Budgeting Business Bucks

Let’s be real for just one second.  Most business owners simply don’t create budgets, and even fewer actually follow the budgets they’ve created.  It’s easy to understand why that is.  Staying on a budget takes a lot of discipline.  Just ask Congress and the President!

Truthfully, it’s ridiculous not to budget.  We’ve all heard stories about how much more money people feel like they have when they stick to a budget.  That’s simply because by not wasting money—by allocating money to productive uses—we end up having more money for the things we truly want or need and fewer regrettable impulse purchases.

Simplicity of Numbers

Forming a budget is pretty straightforward and easy.  Yet lots of business owners fail to spend the time necessary to put numbers together in a meaningful, productive way.  To some, being the visionary with numbers loosely scrawled on a crinkled up napkin might be an appealing image.  But there is a way to hit your targets with a relative sense of precision if you just take the time to figure out how.

Path to Profit

Rather than thinking of it as a “budget,” let’s refer to your plan for allocating money as a “path to profit.”  That sounds more palatable, doesn’t it?  It also helps to realize the largest, most successful companies in the world live and die by their budgets.  Your budget—your path to profit—is a very effective way to make sure that you are delivering quality and value.  It ensures that you spend money where it needs to be spent in order for your customers to receive what they expect.  How much better will you sleep at night knowing that you have an absolutely quantifiable plan for producing more profits?  How much better will you feel when you fully understand the implications of every number on your profit and loss statement?  Let me save you the suspense: You’ll feel and sleep A LOT better!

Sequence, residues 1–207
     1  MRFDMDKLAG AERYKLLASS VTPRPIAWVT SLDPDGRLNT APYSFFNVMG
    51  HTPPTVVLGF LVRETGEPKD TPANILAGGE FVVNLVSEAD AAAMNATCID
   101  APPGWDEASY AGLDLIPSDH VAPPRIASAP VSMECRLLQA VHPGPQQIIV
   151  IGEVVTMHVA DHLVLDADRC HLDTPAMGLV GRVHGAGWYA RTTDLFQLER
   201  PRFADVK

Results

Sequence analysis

See the Future

Think about your last Profit & Loss or Income Statement.  (Hopefully you do generate those types of reports.)  Did you view that document as a backward-looking or trend-identifying document?  If you view your reports in isolation, it’s likely that you see them as backward-looking.  In reality, if you look at your statements in sequence rather than in isolation and take the time to figure out how you were budgeting at different stages, you can effectively see how various investments influence your bottom line.  By looking at your financial statements and your corresponding expenditures in sequence, you’ll discover that they tell a story about your company and also inform you as to trends.  Now, don’t you think that might be valuable?

Four Steps to Planning a Path to Profit

  1. Print out your last five P&L or Income Statements.
  2. Create a spreadsheet with the following four columns:
  • Budget Projections (for the next quarter)
  • Actual (to be filled in after next quarter’s P&L Statement)
  • Variance (the difference between Projections and Actual)
  • Assumptions (make note to yourself here about what ideas you’ve “baked into” your projections and why you believe those were right or didn’t pan out after actual numbers are reviewed)
3.   Review and really think about the numbers. Do some analysis to determine what you did well and what you can improve upon.
4.   Hone in and do it again!
Budgeting is one of those things that takes discipline to do consistently, but it’s not really hard work.  It just takes dedication.  Ever notice that the most successful businesses are run by really dedicated people?  I’ll leave the conclusion for you to draw.
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The Parents Estate Planning Law Firm, PC

At The Parents Estate Planning Law Firm, we answer your questions at your convenience; we stay in frequent communication; and we meet to discuss changes in life circumstances and in the law to ensure that your assets are protected.

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